The Terrifying Scent of Curry: Confessions of a Formerly Picky Eater
A bowl of yogurt and some sort of yellow curry dish with raisins was put in front of me at the dinner table. I stared at them both for a split second, then burst into tears.
JESUS, MAN, WHAT IS THAT? INDIAN FOOD? WHAT THE HELL IS INDIAN FOOD?
"I want to go hoooooooome," I wailed pitifully. My outburst silenced everyone at the dinner table. But I couldn't contain myself. I was crying with every muscle in my body, my chest wracked with sobs and my face aflame with tears and humiliation. Embarrassed doesn't begin to plumb the depths of the shame I felt at bursting into tears at someone's dinner table, even at seven years old. I wanted to disappear into a puff of smoke and flame. Oh, did you hear about Katie? She spontaneously combusted at Bharat's house last week!
The food in front of me was just too unfamiliar, too impossibly bizarre to comprehend. Yogurt for dinner? Raisins in a main dish? And is this where that awful smell is coming from? I cried and cried while Bharat's mother attempted to comfort me and her father picked up the phone to call my mother at her office, throwing confused glances back at me as he tried to explain the situation to her.
I was inconsolable. I must have looked the way a small, hairless dog does when it's beside itself with panic at the sound of thunder, hackles raised and pupils dilated, rocking and shaking and petrified beyond all rational thought. And finally, my mother came for me.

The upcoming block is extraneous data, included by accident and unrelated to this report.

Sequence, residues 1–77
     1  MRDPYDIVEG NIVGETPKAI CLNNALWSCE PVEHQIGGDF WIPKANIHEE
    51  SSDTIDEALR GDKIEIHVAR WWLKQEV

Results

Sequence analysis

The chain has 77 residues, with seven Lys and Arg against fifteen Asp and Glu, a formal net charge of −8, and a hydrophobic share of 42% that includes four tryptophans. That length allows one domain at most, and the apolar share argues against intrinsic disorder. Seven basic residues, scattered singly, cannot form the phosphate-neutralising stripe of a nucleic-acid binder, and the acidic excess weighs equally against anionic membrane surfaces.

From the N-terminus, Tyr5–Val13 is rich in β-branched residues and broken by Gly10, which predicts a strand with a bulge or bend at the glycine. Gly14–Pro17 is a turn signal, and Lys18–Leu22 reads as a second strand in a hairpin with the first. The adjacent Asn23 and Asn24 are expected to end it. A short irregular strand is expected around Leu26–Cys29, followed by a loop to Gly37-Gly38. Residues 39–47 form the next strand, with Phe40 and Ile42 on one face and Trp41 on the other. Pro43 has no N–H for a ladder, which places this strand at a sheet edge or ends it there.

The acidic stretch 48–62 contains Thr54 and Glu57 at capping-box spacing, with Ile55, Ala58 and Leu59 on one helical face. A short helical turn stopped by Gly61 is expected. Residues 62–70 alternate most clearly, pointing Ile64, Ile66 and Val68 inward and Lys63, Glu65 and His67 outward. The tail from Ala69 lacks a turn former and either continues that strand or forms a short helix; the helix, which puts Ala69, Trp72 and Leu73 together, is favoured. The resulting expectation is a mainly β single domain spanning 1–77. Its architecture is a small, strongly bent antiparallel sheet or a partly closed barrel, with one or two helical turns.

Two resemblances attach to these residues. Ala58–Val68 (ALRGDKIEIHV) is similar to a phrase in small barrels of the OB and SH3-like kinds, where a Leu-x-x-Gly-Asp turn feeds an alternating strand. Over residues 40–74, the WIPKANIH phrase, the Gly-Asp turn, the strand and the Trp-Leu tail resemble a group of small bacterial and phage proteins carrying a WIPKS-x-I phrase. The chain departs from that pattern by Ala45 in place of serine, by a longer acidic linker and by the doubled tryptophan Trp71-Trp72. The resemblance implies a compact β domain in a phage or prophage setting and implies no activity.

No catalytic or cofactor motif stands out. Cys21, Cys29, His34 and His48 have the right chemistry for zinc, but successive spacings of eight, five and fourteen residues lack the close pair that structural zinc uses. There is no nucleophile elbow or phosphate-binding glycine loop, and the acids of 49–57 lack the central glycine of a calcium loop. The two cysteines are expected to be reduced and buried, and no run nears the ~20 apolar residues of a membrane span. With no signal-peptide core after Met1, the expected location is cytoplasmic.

She stood stoically at the front door as she tried to apologize, as I hid my face in her skirt and took deep, shuddering breaths of the Eternity she always wore. She led me to the car after Bharat's parents shut their front door, thankfully shutting out that deep curry smell and allowing me to slide my jelly shoes back onto my feet.
"So, you were upset...by the way dinner smelled?" my mother asked as we backed out of the driveway. I had already rushed hysterically through the list of reasons it had been imperative that she immediately leave her desk, drive across town and pick up the ball of snot and tears and frayed nerves that was her miserable excuse for a daughter.
"No," I sniffled back. "I just didn't know what it was. I was scared of it."
"You were scared...of dinner..." she trailed off. I looked blankly back at her. How much more did I need to explain the deeply off-putting situation out of which I had just come? They cooked curry, Mom. They made me take off my shoes.
We drove home in silence. I think my mother was both concerned for and annoyed with me, with a hefty dose of embarrassment on her own end for having raised a child who was afraid of the way curry smells. She cooked me dinner resignedly. It was tuna mac. I passed out after eating it from the sheer stress of the evening and the dozy comfort conferred by a casserole dish of canned fish, green peas and Kraft pasta.
I was never invited back to Bharat's house, and we quickly lost touch after elementary school. I sometimes think of her and wonder what her mother and father must have thought of me, of how rudely I acted that night. I think of how this evening eventually colored the way I view food from different cultures: as a bridge to understanding something that may initially confuse or even frighten you. I think of how my over-the-top refusal to share a meal was an insult to a kind family, and I am ashamed of it often.
I think of her and I want to tell her, "I'm so sorry, Bharat. I love curry now."
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